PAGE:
Last weekend was the inaugural edition of the American Birding Expo in Columbus, Ohio, and by all accounts it was a great success.
The idea for an event like this, an American response to the venerable British Birdfair, has been kicking around for years. North America has a huge community of birders, many of them have disposable income to spend on binoculars, books, and trips to various corners of the world. Putting them in the same place as the providers of those goods and services seems like a no-brainer. And yet, the very things that make North America such a great place for birds and birding – the scale of the place, the many great birding sites, the strong conservation infrastructure – make logistical decisions about such an event more difficult.
Kudos to Bill Thompson III and the folks at BirdWatcher’s Digest for taking up the challenge. Columbus, Ohio, is more or less centrally located on the continent and is a growing city (15th largest in the US!). It hosts a gorgeous Audubon Center with ample space and pretty decent birding on the grounds. It’s close enough for many North American friends to get to and convenient enough for international partners. The dominoes lined up, and last weekend they fell gloriously into their places in a celebration of birding and a successful amalgamation of commerce, conservation, and community.
The ABA was proud to join the effort as a co-host. We welcomed many, many new members because of our presence there, which is great for us. We also pulled off a successful ABA Summit beforehand that saw a number of interesting and useful panels and workshops with topics ranging from conservation concerns, birding ethics, and how to be a more effective bird walk leader. It ended with our annual meeting where members voted on a slate of new and returning board members, and it’s always nice to see members taking an active role in our shared continental birding organization.
The event coordinators, primarily Bill Thompson III and Wendy Clark but including a whole range of staff and volunteers, gave the birding community a expertly organized canvas on which to paint the future of our shared avocation. They deserve kudos not only from vendors, exhibitors and attendees, but from the whole of the North American birding community for having the vision and persistence to make this long-anticipated event such a success. The first one is always the hardest, and with this inaugural event the seeds for bigger and better events in the future were undoubtedly planted.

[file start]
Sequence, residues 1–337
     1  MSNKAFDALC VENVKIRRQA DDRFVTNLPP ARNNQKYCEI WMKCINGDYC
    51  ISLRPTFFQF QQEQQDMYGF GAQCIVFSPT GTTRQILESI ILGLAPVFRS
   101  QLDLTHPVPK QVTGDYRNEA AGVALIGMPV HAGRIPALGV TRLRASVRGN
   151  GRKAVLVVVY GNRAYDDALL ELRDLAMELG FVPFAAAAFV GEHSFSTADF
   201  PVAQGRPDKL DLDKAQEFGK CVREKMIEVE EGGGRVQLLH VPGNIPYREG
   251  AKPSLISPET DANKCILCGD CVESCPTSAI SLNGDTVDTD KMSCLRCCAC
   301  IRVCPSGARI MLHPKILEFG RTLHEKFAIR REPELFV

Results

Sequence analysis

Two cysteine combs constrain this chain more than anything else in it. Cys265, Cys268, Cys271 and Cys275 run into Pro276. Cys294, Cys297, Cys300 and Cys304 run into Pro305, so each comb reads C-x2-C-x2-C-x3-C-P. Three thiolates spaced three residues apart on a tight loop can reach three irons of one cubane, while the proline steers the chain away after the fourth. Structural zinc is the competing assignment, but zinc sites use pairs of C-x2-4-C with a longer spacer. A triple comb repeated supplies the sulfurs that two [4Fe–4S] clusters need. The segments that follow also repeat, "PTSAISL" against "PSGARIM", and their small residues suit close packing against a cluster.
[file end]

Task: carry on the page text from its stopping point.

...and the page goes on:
But it was perhaps the most satisfying to see booth after booth of international exhibitors, many of whom were exhibiting in America for the very first time. Each one a symbol of the conservation and tourist potential of their home nations. It’s probably overly simplistic to say that bird tourism is a solution to the many daunting conservation and land-use issues face by nations around the world. But it’s certainly a tool to be used by those of us who care about such things, and if the Expo is any indication that tool is wielded deftly and creatively by bird tour guides on every continent represented. International travel is an opportunity to value wild places and the birds that are found there in a very practical way and the people from Uganda and Honduras and Colombia and India and everywhere else are passionate about just that.
Likewise the attendees. Wood Duck boxes were scattered around the grounds imploring visitors to donate a few dollars to the conservation causes of the hosts. For the Grange Insurance Audubon Center, it was a nature outreach program for inner-city students in Columbus. For Birdlife International, it was the critically endangered Hooded Grebe. And for the ABA, it was land acquisition and research for the Red Knot, a trans-hemispheric migrant famously tied to the horseshoe crab spawns on beaches near our headquarters in Delaware. Over the course of the event several thousand dollars made their way to each.
So the first American Birding Expo is in the books. The tents packed up, the tables put away, the exhibitors heading home and the attendees sent away with bags full of swag and minds full of possibilities. It was a great weekend.
We hope to see you there next year.